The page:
Powers also applauded those in the Legislature and beyond who worked hard to make sure S.66 passed. Powers highlighted White, Paquin, Karen Lafayette (legislative advocate for the Coalition for Disability Rights) and Shumlin for their work for this bill.
On Saturday, an Austine alumni, Rochelle Drucker of Altamonte Springs, Florida, voiced her appreciation for the Austine School. Drucker lost her hearing when she was 12 years old and continued in public school from seventh to ninth grade. She said she felt "lost" in public school and watched her grades plummet. As a resident of Massachuesets at the time, her parents took it upon themselves to search high and low for a school that could reach Drucker's needs. She says that at the time, the Austine School for The Deaf was the only accredited school for the deaf community throughout New England.
"It turned my life around," said Drucker about Austine.
Drucker attended the school from 1964 to 1967 and said she returned to the campus on Saturday from Florida for the 80th anniversary to celebrate with friends, but also to commemorate the passage of S.66. She added that she hopes the bill will help to establish another school for the deaf, as she feels not everyone can be "main streamed" into a hearing classroom. Personally, she said she felt disconnected from the classroom when she had to always to look at the interpreter rather than the teacher, and did not have much opportunity to interact with fellow students.
"It's a very lonely experience being the only deaf one in a classroom, not being able to communicate with anyone else, or not having the time to communicate with anyone else," said Drucker.
Other attendees showed their support for the 80th anniversary and passage of S.66, such as Paquin, who was injured in an accident in the late 1980s and consequently suffers from a partial paralysis. He used his own personal experience of living with a disability and his role in the Legislature from 1991 to 2000 to make a difference for others who live with a disability. Paquin noted he has been involved with the passage of S.66 since 2015.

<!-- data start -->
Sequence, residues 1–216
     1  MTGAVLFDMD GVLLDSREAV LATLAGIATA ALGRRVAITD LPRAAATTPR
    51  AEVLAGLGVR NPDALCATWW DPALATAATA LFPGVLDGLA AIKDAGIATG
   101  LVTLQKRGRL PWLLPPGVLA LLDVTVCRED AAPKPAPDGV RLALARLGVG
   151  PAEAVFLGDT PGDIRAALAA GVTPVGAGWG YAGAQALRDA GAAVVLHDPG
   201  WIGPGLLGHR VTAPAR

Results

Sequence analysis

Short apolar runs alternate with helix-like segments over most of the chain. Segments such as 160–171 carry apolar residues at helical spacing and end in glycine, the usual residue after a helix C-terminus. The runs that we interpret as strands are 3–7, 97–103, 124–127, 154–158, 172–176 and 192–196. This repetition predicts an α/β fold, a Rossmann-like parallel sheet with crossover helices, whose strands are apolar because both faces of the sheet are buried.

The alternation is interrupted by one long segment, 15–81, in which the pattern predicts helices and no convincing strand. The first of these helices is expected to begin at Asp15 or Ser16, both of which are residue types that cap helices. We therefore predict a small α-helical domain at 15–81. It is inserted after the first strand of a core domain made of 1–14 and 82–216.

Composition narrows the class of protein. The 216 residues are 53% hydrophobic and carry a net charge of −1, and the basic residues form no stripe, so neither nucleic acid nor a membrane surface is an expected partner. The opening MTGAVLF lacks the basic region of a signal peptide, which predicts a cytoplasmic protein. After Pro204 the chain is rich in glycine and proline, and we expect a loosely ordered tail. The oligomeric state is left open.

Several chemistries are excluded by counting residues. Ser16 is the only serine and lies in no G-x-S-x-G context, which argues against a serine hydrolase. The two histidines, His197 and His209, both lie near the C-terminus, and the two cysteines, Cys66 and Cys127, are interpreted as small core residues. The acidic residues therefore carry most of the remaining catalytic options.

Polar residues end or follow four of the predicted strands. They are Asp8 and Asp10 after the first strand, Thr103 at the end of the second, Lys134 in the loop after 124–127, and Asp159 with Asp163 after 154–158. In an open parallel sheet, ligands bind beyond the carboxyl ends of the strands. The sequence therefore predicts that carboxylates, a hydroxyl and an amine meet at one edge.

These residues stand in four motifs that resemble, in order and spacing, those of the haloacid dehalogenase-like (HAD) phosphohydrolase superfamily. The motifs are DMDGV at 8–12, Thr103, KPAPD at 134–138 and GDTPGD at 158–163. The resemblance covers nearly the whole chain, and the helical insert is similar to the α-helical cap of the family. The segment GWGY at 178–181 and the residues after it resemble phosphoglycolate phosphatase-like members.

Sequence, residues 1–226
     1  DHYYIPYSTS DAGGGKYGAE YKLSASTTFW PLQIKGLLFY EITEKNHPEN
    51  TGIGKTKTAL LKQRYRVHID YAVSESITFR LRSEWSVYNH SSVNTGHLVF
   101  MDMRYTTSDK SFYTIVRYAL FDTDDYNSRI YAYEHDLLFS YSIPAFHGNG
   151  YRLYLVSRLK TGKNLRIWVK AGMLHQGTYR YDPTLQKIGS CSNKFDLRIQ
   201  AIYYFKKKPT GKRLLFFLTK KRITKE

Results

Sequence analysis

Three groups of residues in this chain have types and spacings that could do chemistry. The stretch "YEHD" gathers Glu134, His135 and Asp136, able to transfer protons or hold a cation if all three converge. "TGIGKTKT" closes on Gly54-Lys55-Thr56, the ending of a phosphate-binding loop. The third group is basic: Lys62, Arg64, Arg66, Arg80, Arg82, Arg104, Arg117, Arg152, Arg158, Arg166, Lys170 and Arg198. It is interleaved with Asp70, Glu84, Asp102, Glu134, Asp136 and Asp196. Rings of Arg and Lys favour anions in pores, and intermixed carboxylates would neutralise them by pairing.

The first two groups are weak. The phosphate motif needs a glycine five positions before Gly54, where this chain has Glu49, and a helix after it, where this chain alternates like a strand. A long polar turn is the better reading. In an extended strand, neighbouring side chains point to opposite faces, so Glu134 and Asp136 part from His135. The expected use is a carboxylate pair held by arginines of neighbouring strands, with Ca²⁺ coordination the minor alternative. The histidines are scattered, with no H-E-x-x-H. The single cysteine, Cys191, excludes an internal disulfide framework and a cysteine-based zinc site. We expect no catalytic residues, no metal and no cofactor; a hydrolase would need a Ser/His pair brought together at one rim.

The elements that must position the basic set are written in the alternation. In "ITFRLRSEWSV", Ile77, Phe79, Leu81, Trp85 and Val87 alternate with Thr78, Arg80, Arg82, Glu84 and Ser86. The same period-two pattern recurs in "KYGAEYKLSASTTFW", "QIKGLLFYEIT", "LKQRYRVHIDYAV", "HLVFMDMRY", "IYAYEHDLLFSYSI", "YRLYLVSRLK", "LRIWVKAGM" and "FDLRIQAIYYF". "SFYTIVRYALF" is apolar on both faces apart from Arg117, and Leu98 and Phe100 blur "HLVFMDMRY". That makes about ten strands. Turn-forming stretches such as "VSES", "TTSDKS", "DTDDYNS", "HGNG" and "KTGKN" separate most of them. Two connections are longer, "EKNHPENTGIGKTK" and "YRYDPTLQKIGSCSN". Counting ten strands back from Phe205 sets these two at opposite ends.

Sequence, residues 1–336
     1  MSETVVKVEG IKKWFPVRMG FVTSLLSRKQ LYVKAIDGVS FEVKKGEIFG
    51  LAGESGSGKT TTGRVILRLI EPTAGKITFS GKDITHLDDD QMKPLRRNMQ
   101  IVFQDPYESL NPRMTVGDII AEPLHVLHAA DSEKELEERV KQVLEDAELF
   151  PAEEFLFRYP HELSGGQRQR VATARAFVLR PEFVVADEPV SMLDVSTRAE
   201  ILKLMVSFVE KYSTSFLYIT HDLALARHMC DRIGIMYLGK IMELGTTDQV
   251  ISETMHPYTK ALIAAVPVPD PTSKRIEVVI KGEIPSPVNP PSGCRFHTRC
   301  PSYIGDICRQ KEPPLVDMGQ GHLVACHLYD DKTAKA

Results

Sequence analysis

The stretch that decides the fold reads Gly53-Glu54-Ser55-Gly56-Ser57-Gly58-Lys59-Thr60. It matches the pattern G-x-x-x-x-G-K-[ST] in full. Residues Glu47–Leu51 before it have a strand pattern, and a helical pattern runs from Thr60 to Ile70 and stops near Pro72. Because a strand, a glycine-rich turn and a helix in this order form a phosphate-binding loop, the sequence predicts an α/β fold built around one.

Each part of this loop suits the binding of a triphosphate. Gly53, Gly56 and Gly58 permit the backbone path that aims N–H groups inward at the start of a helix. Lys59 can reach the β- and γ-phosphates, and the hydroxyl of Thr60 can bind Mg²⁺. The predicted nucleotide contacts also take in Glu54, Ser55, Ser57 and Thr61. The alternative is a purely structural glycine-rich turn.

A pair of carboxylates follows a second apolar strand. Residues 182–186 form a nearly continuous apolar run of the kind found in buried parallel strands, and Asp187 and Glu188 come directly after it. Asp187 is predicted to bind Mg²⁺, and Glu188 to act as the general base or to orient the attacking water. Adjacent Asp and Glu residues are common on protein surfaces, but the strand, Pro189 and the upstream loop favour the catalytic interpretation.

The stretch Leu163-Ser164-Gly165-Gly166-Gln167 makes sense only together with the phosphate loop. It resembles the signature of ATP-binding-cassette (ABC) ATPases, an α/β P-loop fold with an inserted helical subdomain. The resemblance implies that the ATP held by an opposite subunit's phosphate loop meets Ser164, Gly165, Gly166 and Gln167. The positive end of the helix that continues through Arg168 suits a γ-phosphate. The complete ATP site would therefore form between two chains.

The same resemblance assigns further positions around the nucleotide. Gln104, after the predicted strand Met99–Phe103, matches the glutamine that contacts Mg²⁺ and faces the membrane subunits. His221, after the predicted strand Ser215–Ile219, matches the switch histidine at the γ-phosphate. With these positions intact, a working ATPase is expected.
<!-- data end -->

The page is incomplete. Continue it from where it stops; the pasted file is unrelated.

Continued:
"We tried to put something together to stir the state to more action because we believe there needs to be more action to address people's needs," said Paquin.
At Saturday's gathering there was some excitement around two letters that were addressed to Donna Payne, the secretary of the Austine Alumni Association. The two letters, one from New England Patriots quarterback Tom Brady and another from Robert Kraft, chairman and CEO of The Kraft Group, stated their support for efforts by the Austine Alumni Association. Payne and her husband have worked at Gillette Stadium, where they established some communication with Brady. In addition, Brady gifted a jersey with his autograph that will be placed in the museum of the Austine School for the Deaf.
"With great pleasure I wish the Austine Alumni Association a very happy 80th anniversary on June 11, I wish I could be here with you," stated the note from Kraft.
Another celebrity came in person to show support for the Austine Alumni Association. Miss Vermont USA Neely Fortune, of Burlington, returned from Las Vegas the week prior where she competed for the title of Miss USA. Payne expressed her gratitude that Fortune was able to attend the event after a busy week.
Fortune explained that during her reign she has worked to advocate for Post Traumatic Stress Disorder (PTSD) awareness. She is also a wildlife biologist, sponsored endurance athlete and outdoor enthusiast who is an elite obstacle course racer for Reebok Spartan Race and has run nearly 40 races in the last two years. After the celebration, several people lined up to have their picture taken with Fortune and receive her autograph.
At the event the following individuals were presented with honorary awards: Governor Peter Shumlin, Senator White, state Sen. Anthony Pollina, P/D-Washington, Karen Lafayette, Ed Paquin, Neely Fortune, Miss Vermont Teen USA 2016 Tammy Vuyanovic and René Pellerin.
Maddi Shaw can be reached at 802-254-2311 ext 275